The Blackstone Group, the New York-based private equity giant, is telling investors that is has interest for as much as $12 billion (€9.3 billion) for its upcoming private equity fund, according to a limited partner source.
The firm is telling investors that existing LPs have indicated as much as $9 billion in demand for the fund, with LPs new to Blackstone indicating between $2 billion and $3 billion in interest, according to a source.
The firm, led by president Hamilton “Tony” James and chief executive officer and co-founder Stephen Schwarzman, has not set a cap or target for the fund, but according to an LP the firm is planning to raise in excess of $10 billion.
If Blackstone reaches this goal, the fund will be (for a time), the largest private equity vehicle yet raised. Earlier this month, Goldman Sachs Capital Partners announced a final close on its fifth global buyout fund on $8.5 billion (€6.6 billion). The fund is expected to mainly invest in large LBOs led by other private equity groups in North America, Europe and Asia.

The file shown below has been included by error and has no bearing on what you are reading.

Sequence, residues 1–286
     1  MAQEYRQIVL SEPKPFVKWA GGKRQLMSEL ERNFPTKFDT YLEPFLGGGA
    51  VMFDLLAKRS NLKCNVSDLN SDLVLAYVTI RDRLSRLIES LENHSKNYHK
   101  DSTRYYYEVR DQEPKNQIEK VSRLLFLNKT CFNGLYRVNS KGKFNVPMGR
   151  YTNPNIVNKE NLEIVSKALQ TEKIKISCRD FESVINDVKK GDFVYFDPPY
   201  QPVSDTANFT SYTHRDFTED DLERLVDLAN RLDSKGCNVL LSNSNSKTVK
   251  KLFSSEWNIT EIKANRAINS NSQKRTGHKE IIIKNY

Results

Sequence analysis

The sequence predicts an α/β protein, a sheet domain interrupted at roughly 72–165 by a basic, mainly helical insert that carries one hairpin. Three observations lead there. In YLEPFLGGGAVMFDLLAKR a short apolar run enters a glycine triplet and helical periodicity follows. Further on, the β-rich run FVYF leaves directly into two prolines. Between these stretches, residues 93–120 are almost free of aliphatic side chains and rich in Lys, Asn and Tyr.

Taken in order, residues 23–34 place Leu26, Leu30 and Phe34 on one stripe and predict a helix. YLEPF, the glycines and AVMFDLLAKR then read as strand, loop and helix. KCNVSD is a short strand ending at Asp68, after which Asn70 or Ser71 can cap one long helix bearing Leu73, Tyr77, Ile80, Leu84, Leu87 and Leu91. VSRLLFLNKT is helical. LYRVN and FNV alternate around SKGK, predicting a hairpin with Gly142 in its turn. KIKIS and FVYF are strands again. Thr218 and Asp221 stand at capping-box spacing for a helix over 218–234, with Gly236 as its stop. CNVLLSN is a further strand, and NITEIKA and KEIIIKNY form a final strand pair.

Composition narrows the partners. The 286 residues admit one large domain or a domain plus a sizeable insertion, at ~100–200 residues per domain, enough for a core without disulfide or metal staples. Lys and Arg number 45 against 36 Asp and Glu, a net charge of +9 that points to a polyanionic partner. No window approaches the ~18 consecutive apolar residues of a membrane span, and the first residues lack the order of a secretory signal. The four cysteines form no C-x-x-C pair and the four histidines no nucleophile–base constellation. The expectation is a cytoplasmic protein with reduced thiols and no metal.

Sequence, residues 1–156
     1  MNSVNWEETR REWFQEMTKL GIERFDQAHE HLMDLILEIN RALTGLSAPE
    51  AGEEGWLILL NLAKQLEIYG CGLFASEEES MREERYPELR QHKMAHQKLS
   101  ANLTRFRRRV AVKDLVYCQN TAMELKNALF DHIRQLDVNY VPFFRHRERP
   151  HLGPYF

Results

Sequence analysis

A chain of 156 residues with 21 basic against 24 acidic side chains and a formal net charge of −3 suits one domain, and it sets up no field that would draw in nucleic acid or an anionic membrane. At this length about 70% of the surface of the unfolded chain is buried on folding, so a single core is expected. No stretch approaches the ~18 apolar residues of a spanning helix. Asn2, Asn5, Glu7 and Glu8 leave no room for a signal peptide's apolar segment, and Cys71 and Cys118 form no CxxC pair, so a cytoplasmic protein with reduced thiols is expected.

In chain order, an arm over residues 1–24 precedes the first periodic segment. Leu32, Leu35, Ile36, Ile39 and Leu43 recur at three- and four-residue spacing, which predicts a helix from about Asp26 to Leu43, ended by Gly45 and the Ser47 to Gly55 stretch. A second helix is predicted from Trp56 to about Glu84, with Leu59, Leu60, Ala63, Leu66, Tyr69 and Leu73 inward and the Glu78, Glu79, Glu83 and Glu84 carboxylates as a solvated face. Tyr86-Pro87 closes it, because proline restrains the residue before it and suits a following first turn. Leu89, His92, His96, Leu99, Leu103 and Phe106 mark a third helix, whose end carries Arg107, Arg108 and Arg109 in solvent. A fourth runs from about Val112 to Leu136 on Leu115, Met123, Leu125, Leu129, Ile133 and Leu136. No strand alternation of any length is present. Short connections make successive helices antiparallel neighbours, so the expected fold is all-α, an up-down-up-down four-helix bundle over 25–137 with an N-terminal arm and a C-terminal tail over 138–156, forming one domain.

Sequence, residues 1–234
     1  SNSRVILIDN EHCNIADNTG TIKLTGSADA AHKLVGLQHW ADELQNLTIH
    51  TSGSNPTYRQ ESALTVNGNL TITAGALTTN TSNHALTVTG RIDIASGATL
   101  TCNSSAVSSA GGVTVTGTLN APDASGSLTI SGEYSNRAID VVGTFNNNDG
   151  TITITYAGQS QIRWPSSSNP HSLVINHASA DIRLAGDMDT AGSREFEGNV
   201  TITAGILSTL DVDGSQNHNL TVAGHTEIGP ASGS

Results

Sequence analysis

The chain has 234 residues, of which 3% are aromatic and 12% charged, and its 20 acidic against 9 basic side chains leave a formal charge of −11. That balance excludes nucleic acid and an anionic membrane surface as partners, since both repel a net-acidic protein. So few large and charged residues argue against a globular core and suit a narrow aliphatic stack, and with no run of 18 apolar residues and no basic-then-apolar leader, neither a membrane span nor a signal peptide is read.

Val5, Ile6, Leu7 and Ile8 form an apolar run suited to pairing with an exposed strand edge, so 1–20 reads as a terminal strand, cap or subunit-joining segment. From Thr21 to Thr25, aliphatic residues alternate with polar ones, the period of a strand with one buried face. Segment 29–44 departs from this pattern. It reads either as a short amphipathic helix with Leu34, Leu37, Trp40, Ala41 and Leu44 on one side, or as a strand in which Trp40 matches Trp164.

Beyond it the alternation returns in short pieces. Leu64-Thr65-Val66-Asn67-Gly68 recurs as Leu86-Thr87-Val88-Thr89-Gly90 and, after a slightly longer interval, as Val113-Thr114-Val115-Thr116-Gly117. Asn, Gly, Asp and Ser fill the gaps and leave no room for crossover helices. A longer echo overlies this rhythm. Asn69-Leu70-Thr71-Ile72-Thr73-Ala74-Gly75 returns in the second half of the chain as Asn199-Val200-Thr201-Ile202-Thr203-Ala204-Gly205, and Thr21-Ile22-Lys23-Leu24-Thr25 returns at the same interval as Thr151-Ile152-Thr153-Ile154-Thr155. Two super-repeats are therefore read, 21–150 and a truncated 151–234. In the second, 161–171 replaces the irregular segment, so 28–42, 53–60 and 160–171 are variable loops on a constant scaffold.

In March, Washington DC’s The Carlyle Group raised $7.85 billion (€6.1 billion) for its Carlyle Partners IV fund, which will target buyout investments in the US. Simultaneously, the firm closed $2.2 billion (€1.7 billion) for its Carlyle Europe Partners II fund, which is the successor to the €1 billion Carlyle Europe Partners fund and which will target buyout investments in Europe.
Advocates of this larger breed of mega-fund say the increased amounts of capital allows private equity firms to bid on deal flow in a realm not accessible to many other players. They say $10 billion is a comparatively small war chest in the booming global M&A market. Critics say private equity firms as currently organised are ill-equipped to handle this amount of capital, but are incented to raise as much as possible to increase management fees.
Blackstone was recently part of a failed effort to buy Spanish telecom company Wind in a proposed €12 billion ($15.5 billion) deal. The firm was recently part of the winning consortium to buy financial software company SunGard for $11.3 billion (€8.8 billion). That deal was led by Silver Lake Partners and includes Bain Capital, Blackstone, Goldman Sachs, Kohlberg Kravis Roberts, Providence Equity Partners and Texas Pacific Group.